There were no great surprises in the findings of the UN’s commission of inquiry into the 2014 Gaza conflict. Unlike previous similar reports that were left to gather dust after the initial controversy died down, what is different today is the changing international legal environment. There is a process in train to investigate and potentially prosecute individuals on both sides alleged to have been responsible for war crimes.
This report is the latest in a number on the 2014 conflict and corroborates many of the earlier findings of Amnesty International, Human Rights Watch and Israeli rights organisation B'Tselem. The UN commission was not a criminal investigation. It contains no conclusions regarding specific individual responsibility for war crimes. Nevertheless, its findings provide sources of potentially significant evidence for investigators from the International Criminal Court.
It stated that it had received credible allegations that both sides had committed war crimes during the conflict, which killed more than 2,140 Palestinians, most of them civilians, and 73 people on the Israeli side, primarily soldiers.
The commission did not accept Israeli arguments that its military conducts its own inquiries into the allegations of war crimes. It found that a more independent review of the actions by Israeli forces was necessary.
In a damming indictment of the conduct of hostilities by Israeli forces, the commission pointed the finger of blame at senior Israeli political and military figures. The report declared the fact that Israel did not revise its practice of air strikes, even after their dire effects on civilians became apparent, raised questions of whether this was part of a broader policy which was at least tacitly approved at the highest level of government.
Such a finding has serious implications for the investigative process being undertaken by the International Criminal Court. Among the deficiencies identified in the Israeli inquiries into the conduct of its forces was the interpretation of military objectives in a way that was inconsistent with international law. There was also an emphasis on the criminal responsibility of the field soldier without examining the overall policy decided at higher levels.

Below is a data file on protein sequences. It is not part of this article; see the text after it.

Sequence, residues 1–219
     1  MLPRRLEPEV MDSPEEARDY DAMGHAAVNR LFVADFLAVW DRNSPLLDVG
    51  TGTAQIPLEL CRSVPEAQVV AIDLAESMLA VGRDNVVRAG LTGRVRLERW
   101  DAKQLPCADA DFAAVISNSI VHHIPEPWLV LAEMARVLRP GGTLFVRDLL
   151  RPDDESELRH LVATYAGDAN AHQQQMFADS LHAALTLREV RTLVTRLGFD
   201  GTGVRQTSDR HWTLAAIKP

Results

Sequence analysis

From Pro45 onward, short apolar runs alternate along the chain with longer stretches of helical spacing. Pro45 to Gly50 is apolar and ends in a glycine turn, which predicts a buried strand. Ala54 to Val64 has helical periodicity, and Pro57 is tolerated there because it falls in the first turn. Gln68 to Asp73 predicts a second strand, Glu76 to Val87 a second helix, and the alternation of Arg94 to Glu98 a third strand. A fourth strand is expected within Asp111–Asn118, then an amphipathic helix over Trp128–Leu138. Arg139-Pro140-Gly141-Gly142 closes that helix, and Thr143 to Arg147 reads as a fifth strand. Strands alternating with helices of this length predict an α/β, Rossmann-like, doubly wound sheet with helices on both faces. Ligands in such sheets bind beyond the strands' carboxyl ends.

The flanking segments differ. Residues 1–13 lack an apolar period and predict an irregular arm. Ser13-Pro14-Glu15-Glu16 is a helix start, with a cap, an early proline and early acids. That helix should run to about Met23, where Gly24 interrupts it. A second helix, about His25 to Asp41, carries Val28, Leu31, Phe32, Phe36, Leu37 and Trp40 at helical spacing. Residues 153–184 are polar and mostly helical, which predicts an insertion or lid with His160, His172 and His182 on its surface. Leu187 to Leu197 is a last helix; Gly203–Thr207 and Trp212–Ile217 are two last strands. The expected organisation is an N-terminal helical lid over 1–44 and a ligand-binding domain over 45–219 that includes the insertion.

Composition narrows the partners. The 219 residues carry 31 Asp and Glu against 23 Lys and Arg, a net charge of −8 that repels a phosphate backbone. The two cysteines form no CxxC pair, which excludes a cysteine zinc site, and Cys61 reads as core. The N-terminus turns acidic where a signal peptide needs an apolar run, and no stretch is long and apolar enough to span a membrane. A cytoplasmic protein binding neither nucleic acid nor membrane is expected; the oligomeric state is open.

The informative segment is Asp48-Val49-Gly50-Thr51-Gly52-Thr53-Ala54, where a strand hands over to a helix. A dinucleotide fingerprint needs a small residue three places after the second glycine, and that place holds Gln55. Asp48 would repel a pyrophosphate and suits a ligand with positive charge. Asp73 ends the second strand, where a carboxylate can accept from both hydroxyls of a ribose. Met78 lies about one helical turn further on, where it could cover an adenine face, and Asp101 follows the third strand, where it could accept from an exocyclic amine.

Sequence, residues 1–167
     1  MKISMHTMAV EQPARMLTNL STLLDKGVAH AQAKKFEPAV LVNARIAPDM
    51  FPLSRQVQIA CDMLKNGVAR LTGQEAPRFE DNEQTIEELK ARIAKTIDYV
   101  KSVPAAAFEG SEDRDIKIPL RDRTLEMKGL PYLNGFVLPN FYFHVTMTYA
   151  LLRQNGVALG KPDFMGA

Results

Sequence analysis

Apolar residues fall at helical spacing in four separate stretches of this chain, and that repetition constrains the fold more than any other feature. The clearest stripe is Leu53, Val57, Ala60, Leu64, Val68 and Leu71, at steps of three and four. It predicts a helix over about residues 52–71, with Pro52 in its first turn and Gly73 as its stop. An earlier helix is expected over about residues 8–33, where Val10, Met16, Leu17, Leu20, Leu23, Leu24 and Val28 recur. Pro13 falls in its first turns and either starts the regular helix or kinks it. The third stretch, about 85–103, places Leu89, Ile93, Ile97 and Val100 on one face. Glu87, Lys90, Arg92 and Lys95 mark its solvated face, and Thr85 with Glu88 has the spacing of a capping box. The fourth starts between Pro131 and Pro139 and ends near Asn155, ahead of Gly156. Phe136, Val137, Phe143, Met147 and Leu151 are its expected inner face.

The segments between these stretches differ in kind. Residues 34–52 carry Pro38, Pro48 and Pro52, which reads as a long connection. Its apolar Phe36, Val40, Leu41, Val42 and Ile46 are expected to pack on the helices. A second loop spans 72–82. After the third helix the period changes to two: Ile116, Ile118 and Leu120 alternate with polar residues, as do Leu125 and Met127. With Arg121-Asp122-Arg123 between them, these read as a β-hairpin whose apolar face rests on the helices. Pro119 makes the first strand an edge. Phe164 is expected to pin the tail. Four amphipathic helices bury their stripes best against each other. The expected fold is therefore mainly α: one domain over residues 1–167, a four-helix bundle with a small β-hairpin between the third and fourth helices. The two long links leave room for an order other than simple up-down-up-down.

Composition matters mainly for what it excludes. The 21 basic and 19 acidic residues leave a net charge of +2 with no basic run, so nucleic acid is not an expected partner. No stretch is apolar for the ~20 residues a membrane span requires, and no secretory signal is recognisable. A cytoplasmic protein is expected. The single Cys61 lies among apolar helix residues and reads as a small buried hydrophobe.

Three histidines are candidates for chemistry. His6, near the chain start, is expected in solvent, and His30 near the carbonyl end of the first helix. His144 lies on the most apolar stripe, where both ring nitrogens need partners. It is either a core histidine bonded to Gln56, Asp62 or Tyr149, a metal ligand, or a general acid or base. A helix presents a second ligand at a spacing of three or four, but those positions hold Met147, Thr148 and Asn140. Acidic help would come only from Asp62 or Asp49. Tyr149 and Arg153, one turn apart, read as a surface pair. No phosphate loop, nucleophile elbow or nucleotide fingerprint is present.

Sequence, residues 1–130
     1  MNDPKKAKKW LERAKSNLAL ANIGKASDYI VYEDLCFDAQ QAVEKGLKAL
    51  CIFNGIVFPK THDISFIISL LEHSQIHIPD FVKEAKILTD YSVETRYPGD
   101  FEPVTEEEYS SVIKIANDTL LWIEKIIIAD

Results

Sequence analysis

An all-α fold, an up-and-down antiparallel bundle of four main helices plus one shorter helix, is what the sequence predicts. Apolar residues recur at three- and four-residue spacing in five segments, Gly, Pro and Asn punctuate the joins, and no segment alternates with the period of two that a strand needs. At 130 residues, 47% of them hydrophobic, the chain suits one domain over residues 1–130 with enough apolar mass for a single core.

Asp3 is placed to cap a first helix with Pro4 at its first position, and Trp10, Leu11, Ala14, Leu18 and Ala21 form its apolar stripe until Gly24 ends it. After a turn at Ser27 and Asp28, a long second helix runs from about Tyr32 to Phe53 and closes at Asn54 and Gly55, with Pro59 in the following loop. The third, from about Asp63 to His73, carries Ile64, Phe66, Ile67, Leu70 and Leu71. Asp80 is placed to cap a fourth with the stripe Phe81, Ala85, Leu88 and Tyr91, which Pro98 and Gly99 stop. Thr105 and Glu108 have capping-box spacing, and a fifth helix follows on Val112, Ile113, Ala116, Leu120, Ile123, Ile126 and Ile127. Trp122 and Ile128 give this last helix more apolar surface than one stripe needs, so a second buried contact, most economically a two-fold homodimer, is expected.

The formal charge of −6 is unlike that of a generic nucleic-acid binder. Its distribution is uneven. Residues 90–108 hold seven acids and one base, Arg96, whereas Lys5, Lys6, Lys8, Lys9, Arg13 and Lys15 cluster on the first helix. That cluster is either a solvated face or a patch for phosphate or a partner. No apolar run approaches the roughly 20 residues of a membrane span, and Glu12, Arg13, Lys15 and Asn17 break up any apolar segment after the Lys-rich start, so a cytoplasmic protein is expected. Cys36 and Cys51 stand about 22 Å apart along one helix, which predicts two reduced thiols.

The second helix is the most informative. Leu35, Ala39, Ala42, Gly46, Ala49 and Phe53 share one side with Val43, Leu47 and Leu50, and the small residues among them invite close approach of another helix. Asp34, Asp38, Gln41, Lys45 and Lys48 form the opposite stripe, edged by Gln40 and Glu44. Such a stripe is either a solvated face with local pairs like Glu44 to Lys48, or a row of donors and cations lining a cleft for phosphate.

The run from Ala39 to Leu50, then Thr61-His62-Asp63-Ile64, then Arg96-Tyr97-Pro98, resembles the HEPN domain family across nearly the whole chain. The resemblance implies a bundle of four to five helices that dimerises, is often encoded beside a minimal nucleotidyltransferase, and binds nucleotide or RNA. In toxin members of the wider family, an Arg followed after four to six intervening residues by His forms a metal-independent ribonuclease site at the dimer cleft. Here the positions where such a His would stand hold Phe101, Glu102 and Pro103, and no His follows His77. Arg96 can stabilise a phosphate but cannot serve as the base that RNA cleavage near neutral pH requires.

These issues are important for determining whether Israel is fulfilling the requirements under the principle of complementarity, according to which the International Criminal Court will not deal with an issue a country is conducting its own genuine investigation of the matter.
The report also condemned the indiscriminate firing of thousands of rockets and mortars by Palestinian militants into Israel. It found that these appeared to have been intended to spread terror among Israeli civilians. Such acts are in violation of the principle of distinction, a fundamental tenet of the law of armed conflict that prohibits attacks that do not distinguish between combatants and civilians. The commission also condemned the extrajudicial killing of alleged collaborators as a war crime.
The commission, echoing the findings of an earlier Amnesty International report, focused on the targeting of residential buildings in Gaza by Israel that led to the deaths of entire families and devastated whole neighbourhoods. The report drew attention to the fact that disproportionate attacks are forbidden. These are attacks that an Israeli commander should have anticipated would cause widespread civilian deaths or damage to civilian property.
After considering the circumstances and the data, the commission expressed concern that this principle was violated in a way that could constitute a war crime.
Israel had earlier sought to defend its conduct in the Gaza conflict as both lawful and legitimate in a detailed inter-ministerial report. Although acknowledging that numerous civilians were caught in the hostilities, the report claimed that Israel did not intentionally target civilians.
However, a report published last month by Breaking the Silence, an Israeli veterans organisation, compiled devastating testimony from Israeli soldiers regarding indiscriminate use of force by Israeli forces in Gaza.
The UN commission urged all sides and the international community to cooperate with the International Criminal Court in The Hague. The commission’s findings will be carefully examined by the chief prosecutor at the court. The report is likely to be significant in any decision by the prosecutor as to whether to move from a preliminary examination of the situation in the Palestinian territory, including events in Gaza, to a fully fledged investigation.
Calls to support International Criminal Court prosecution have been backed by Palestinian human rights NGOs such as Al-Haq and political activists, who for many years have been advocating for an end to the perception that Israel is above the law and that its actions are not punishable. It is one of the few issues on which there is some degree of unity among Palestinian factions. Unfortunately, the wheels of international justice move slowly and it will be many years before we see if those alleged to have committed war crimes are held to account.
Prof Ray Murphy teaches the law of armed conflict at the Irish Centre for Human Rights, School of Law, NUI Galway